Lori White is the regional Wetland, Shoreline, and Federal Permit Specialist for the southcentral counties of Washington.  Lori joined our Central Regional Office in 2017.  She has served in academia, consulting, and state government roles since completing her BS in Zoology from Southern Illinois University and her MS in Biology from the University of Louisiana at Monroe.  Duties during that time varied from organismal research, museum collection, teaching, wildlife management, floodplain permitting, wetland delineation, and T & E species surveys.  Currently, her focus is on providing the citizens and local governments of south-central Washington with technical assistance in Shoreline, wetland and 401 Water Quality Certification permitting. 


Railin Santiago is a Shoreline Planner in Ecology’s Northwest Regional Office. She has 10 years of consulting experience as an environmental planner and Biologist. At ecology she provides technical assistance related to implementation of local Shoreline Master Programs, and Shoreline Permitting. She has a BS in biology from the Evergreen State College and a Master’s in Marine Affairs from the University of Washington’s School of Marine and Environmental Affairs.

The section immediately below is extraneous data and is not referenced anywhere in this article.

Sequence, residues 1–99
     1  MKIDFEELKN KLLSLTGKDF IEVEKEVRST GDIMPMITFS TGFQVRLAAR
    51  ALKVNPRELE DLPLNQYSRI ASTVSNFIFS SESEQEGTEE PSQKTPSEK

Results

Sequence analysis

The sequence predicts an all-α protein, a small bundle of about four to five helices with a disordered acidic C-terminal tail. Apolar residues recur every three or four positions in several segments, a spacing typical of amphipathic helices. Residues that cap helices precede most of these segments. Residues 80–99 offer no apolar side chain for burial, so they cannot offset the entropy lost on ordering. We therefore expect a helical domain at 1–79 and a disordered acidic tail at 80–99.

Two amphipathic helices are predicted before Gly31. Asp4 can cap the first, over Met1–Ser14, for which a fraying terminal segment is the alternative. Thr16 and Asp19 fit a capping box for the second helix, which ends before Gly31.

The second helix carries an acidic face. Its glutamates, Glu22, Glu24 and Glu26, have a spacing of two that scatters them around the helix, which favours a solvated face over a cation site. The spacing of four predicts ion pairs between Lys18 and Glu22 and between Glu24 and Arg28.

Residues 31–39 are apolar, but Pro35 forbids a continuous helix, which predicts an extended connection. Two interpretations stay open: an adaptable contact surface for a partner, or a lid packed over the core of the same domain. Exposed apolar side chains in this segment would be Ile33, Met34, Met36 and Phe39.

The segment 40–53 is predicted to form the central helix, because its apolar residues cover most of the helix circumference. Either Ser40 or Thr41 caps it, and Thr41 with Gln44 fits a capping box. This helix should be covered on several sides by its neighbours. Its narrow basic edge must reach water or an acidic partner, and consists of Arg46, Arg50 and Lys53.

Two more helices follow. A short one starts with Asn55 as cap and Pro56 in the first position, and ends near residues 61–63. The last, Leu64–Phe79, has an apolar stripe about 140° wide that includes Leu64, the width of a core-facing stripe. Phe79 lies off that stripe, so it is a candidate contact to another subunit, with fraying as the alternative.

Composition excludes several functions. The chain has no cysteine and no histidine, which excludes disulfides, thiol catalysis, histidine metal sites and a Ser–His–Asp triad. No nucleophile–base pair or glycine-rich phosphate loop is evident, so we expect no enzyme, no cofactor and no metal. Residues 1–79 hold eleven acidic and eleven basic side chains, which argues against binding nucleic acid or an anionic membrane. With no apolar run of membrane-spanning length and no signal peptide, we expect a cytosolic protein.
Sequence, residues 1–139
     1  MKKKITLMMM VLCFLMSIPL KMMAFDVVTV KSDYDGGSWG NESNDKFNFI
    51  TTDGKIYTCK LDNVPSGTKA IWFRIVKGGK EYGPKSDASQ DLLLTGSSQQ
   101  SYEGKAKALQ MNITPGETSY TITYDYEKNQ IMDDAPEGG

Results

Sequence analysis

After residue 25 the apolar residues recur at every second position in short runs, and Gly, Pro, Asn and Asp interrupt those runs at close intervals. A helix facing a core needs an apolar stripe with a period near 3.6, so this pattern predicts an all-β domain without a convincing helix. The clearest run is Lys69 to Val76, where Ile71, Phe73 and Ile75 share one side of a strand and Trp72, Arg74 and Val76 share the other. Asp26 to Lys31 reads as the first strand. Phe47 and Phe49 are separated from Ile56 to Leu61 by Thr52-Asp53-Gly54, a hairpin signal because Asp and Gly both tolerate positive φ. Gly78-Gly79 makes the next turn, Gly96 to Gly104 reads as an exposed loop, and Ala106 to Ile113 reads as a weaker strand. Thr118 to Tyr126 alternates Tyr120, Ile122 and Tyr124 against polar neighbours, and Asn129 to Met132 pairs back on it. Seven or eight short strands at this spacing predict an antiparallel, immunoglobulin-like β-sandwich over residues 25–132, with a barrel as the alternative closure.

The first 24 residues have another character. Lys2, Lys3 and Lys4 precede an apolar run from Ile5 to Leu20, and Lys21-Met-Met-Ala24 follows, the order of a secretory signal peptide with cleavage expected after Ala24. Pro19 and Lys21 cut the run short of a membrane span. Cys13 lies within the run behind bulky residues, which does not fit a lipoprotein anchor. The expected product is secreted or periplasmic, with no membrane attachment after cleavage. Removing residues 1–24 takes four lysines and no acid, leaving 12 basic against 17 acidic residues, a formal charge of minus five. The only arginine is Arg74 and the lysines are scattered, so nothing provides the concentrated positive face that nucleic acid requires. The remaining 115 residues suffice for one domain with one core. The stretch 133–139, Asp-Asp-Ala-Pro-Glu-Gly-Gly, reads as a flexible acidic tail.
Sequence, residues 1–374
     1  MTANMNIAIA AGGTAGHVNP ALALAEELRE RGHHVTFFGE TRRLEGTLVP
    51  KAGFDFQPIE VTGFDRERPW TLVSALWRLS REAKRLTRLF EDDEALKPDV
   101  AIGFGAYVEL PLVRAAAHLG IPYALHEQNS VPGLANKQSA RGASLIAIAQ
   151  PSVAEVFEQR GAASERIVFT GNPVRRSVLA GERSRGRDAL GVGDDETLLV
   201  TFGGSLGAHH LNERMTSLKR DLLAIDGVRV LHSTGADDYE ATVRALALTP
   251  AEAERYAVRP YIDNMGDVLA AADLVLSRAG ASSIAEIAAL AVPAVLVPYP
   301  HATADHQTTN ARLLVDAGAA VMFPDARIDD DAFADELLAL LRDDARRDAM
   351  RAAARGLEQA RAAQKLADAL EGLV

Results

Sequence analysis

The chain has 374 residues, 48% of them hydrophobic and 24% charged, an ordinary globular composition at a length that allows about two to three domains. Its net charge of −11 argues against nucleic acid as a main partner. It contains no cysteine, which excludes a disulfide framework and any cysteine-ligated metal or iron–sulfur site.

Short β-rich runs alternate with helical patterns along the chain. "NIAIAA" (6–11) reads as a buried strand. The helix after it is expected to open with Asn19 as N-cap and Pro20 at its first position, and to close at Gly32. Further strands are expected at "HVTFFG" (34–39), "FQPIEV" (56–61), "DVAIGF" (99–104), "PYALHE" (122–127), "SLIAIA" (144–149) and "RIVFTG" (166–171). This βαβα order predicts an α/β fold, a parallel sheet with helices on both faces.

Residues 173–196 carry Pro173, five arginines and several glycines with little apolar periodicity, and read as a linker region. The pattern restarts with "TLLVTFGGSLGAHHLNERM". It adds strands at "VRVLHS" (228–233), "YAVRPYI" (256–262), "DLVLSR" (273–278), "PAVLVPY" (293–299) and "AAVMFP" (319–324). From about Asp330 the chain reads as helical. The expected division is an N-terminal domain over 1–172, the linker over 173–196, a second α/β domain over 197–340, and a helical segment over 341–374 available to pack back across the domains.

Chris Luerkens works in Ecology’s Bellingham Field Office, where he has been a shoreline and wetlands permit specialist since 2018. His work is largely focused on reviewing permits, and providing technical assistance to local jurisdictions, including Ordinary High Water Mark determinations. Chris has a BS in environmental science from WWU and has been working in natural resource management since 2005. His background includes work in water quality, fisheries, and local government as a planner.  


Washington State Department of Ecology